Madrid, the capital of Spain, is a cosmopolitan city that joins the most present-day infrastructures and the status as an economic and financial center, with a huge social and aesthetic legacy, an inheritance of hundreds of years of sensational history.

Deliberately situated in the center of the Iberian Peninsula at a height of 646 m above sea level, Madrid has a standout amongst the most historic centers of all the European cities. This heritage blends flawlessly with the city’s modern infrastructure and all the most recent best in class innovations in audiovisual and communications media. These conditions, together with all the drive of a dynamic and open society have made this city one of the considerable capitals of the Western world.

It has been populated since the Lower Paleolithic time, in spite of the fact that it was not until 1561 that King Philip II made Madrid the capital city of his empire. The historic center, also called the “Madrid of Los Austrias” (in reference to the Habsburg rulers), and the breathtaking Plaza Mayor square – initiated in 1620 and a standout amongst the most well known and typical sites in Spain– are a living examples of the earlier quality of the city in the sixteenth and seventeenth centuries. Close to the Plaza Mayor is the place known as the aristocratic center” where the jewelry in the crown is the Royal Palace, a building dating from the seventeenth century highlighting a blend of Baroque and classicist styles. Next to it is the Plaza de Oriente square, the Teatro Real opera house, and the modern cathedral of La Almudena which was blessed in 1993 by Pope John Paul II. The Puerta del Sol square is surrounded by shops and businesses, and the “Paseo del Arte” art route – whose name gets from world-class museums, palaces, and gardens– are further components in a variety of landmarks which includes the Bank of Spain building, the Palace of Telecommunications, and the fountains of Cibeles and Neptune.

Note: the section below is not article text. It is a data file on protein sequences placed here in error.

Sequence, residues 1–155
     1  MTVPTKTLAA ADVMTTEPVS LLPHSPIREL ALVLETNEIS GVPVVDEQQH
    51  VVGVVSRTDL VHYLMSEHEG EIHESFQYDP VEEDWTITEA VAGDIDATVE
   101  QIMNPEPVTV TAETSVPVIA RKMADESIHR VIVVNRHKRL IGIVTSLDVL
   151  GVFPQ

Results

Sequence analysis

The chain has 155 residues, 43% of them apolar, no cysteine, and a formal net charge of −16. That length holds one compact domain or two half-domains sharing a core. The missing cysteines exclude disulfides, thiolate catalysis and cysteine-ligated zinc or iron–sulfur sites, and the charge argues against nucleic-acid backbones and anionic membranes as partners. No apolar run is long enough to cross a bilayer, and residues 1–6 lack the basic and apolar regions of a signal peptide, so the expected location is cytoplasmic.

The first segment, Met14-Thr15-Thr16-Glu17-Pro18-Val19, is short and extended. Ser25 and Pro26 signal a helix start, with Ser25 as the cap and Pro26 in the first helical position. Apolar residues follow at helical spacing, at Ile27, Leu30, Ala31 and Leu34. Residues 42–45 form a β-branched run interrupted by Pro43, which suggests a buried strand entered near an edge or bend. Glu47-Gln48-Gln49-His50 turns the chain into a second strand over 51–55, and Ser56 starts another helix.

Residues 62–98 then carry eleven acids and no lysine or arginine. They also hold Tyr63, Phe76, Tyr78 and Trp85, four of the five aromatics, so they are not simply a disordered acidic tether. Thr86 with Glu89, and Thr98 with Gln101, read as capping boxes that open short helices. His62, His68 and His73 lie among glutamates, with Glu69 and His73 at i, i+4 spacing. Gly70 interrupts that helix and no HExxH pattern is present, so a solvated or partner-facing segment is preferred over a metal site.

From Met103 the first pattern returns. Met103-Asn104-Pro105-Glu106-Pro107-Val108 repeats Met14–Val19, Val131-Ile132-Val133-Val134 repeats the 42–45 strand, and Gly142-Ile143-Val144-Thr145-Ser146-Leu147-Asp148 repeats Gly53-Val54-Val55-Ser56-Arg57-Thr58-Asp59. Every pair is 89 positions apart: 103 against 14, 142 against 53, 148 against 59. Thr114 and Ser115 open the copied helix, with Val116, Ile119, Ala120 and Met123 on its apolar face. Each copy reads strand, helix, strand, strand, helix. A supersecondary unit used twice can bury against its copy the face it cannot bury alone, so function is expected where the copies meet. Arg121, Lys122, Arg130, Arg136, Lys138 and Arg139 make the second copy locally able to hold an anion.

Art and culture have a key part of Madrid’s cultural life. The capital has more than 60 historical centers which cover each field of human knowledge. Highlights include the Prado Museum and the Thyssen-Bornemisza Museum. Furthermore, the Reina Sofía National Art Center, committed to contemporary Spanish art and containing works by Picasso, Joan Miró, Salvador Dalí and Juan Gris, among others.

Madrid’s broad and delightfully kept up parks and gardens – like the Retiro park, once the recreational home to the Spanish monarch, the Casa de Campo and the Juan Carlos I park– offer occupants and guests the opportunity to enjoy the daylight, walk, row on its lakes or feed the squirrels, in one of the greenest capitals in Europe. The significance of its universal air terminal, which consistently gets more than 1,000 flights from everywhere throughout the world, its two Conference Centers, the modern trade fair center in the Campo de las Naciones, and more than 80,000 places in other meeting centers make Madrid one of Europe’s most important business centers.

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